Nigerian music has gone global with international sold out concerts, tours and massive airplay of Afrobeats like we have never experienced before. If you ask someone in almost every part of the world, they’ll tell you that they have heard at least one Afrobeats song, either on the radio or through their African friends.
So yes, we are taking our music with us, and spreading it to every part of the world we travel to. This exposure has made our artistes more popular and obviously bigger in the global industry, but here’s the issue: While these artistes are growing their individual brands, can we say the same for their respective record labels?
Presently, we have 5 top record labels in Nigeria namely; Mavin Records, Chocolate city, Davido Music Worldwide, Starboy Records, X3M Music, and others. These labels are considered big because of the artistes affiliated to them. They take great pride in the stars they’re home to because they house some of the best acts in the industry. From Tiwa Savage to Davido, down to Simi, but the reality is, what happens when this pride leaves the house like we’ve been witnessing lately?
In Nigeria, judging from trends, most artistes start by belonging to a record label until they’re big enough. Once the demand for their presence increase in places all over the world like international festivals, the need to be their own boss also increases, and they either move on without waiting for the end of their contract, or don’t even bother renewing the contract once it’s over. Now, this is what we see on the surface; the information behind this decision to leave the label might be more critical than the parties involved expose us to. But, these recurring exits must have some sort of knock-on effect, surely?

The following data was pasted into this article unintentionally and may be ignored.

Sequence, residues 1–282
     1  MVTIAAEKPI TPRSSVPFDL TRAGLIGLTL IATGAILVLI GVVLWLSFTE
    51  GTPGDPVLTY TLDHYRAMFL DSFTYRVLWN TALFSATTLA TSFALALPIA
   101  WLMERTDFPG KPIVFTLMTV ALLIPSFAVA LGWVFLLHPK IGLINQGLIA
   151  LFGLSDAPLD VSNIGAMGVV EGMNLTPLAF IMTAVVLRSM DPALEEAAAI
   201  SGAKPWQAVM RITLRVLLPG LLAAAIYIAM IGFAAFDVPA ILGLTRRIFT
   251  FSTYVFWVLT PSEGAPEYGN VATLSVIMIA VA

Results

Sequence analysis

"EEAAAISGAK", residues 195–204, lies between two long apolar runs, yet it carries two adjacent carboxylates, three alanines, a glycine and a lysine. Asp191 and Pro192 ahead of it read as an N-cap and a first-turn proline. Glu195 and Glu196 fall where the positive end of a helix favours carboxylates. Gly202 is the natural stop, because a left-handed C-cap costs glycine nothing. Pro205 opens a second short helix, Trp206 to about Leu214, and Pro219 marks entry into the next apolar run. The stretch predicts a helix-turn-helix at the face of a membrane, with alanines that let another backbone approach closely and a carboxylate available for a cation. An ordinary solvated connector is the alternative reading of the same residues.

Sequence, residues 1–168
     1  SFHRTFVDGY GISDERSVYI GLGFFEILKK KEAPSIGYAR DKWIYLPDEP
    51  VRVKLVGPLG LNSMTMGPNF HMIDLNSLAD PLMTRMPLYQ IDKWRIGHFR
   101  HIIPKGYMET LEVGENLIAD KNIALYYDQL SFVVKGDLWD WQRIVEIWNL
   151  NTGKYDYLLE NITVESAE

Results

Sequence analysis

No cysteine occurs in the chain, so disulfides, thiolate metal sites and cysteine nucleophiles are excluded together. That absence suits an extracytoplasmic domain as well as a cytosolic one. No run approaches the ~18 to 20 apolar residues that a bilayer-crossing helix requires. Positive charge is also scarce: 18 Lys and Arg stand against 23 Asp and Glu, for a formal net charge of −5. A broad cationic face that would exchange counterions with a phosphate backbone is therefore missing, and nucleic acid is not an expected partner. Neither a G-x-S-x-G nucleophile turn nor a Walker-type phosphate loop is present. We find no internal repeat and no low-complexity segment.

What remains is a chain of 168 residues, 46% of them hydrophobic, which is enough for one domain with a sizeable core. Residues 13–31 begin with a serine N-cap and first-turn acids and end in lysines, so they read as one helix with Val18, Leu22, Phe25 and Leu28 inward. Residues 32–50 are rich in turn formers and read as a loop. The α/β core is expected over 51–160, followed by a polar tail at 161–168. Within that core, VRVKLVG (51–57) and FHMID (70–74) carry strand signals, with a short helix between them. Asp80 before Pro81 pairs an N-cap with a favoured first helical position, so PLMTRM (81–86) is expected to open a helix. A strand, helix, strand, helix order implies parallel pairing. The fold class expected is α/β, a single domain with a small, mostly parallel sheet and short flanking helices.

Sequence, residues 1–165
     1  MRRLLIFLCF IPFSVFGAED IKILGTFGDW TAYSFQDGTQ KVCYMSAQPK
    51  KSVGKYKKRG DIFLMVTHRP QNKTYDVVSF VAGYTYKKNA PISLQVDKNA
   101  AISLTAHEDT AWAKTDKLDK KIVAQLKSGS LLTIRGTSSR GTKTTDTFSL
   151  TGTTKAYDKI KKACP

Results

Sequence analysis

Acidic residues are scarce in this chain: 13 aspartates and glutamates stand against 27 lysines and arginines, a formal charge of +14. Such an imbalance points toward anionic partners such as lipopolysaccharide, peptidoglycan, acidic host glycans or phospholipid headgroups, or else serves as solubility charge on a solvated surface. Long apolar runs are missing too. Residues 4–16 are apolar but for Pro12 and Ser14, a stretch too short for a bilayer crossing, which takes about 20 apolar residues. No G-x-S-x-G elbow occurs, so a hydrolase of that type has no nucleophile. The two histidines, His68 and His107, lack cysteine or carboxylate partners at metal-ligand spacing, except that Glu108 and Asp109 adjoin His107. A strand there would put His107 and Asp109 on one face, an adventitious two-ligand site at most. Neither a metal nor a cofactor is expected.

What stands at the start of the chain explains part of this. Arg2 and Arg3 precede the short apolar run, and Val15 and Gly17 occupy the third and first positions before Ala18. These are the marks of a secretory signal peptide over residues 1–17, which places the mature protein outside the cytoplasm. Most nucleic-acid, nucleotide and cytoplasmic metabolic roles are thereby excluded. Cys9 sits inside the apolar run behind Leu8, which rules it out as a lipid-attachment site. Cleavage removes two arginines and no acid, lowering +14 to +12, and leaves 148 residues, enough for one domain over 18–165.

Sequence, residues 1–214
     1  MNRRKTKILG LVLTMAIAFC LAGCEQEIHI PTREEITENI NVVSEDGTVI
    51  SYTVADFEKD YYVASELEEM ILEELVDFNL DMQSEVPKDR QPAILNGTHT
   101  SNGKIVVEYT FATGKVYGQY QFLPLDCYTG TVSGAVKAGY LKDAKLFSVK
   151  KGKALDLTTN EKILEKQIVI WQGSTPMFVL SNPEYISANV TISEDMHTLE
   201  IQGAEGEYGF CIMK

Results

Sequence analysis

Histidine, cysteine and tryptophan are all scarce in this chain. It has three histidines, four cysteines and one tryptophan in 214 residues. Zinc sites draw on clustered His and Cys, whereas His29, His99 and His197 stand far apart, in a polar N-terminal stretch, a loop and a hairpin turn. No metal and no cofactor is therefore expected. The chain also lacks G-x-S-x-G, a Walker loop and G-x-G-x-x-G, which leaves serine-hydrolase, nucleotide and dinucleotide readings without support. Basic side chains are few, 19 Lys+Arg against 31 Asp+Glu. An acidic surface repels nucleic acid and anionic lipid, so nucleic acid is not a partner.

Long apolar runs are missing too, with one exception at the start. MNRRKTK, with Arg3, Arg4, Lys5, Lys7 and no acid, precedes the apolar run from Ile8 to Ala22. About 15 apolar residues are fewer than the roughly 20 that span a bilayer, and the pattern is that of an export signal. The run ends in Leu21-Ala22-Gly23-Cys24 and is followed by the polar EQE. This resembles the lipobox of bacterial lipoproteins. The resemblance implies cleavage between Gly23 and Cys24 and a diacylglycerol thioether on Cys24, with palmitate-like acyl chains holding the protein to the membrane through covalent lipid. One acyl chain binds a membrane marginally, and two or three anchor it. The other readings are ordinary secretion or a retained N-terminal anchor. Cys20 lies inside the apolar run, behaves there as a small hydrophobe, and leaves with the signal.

That’s the question this article aims to answer: “Do these exits in any way affect the growth of the Nigerian music industry?”
The answer is yes and no. Let’s start with the ‘No’. No, because it is hard to think Nigeria has a solid music industry, and yes, because if we do have an industry, these exits are definitely affecting its growth.
Like every creative industry in Nigeria, the structure is so unstable, it sometimes feels like it’s non-existent. Artistes are striving to be big and go global, and then what? New artistes are coming into the music space to also be big, go global, and then what? It is no news that the end goal for a lot of artistes in Nigeria is to win the heart of the international audience and get their music into every corner, but don’t we think building to leave is a wrong strategy that will not benefit our non-existent industry? Why do I keep using “non-existent?”
What we see as the Nigerian music industry is a collection of different individuals doing what works for them, or as they please, with zero common goal.
Everyone is working hard, creating dope sounds, and spreading the Nigerian sound all over, but that’s it. It’s as if a lot is happening, but we have nothing physical or solid to show for it. We have the signed artistes, the unsigned, and popular artistes, who also have their own labels. We have the record label, and then we have other stakeholders that fit into these boxes to bring things to life, like the managers, DJs, A&R and so on.
These people work tirelessly to push artistes who release hits after hits until they get the international deals like brand ambassadors, or get signed to a bigger international label. You could say this is a good thing because the artiste has to grow. After all, no be him papa label. But this also brings us to the question: “To what benefit is this move to the Nigerian music industry?” Are they even about the growth of the industry, or solely concerned with the spread of their music? Are people just coming into the industry to be big enough to get out? And for the artistes getting out to create their own label, what’s the plan for the industry you’re in?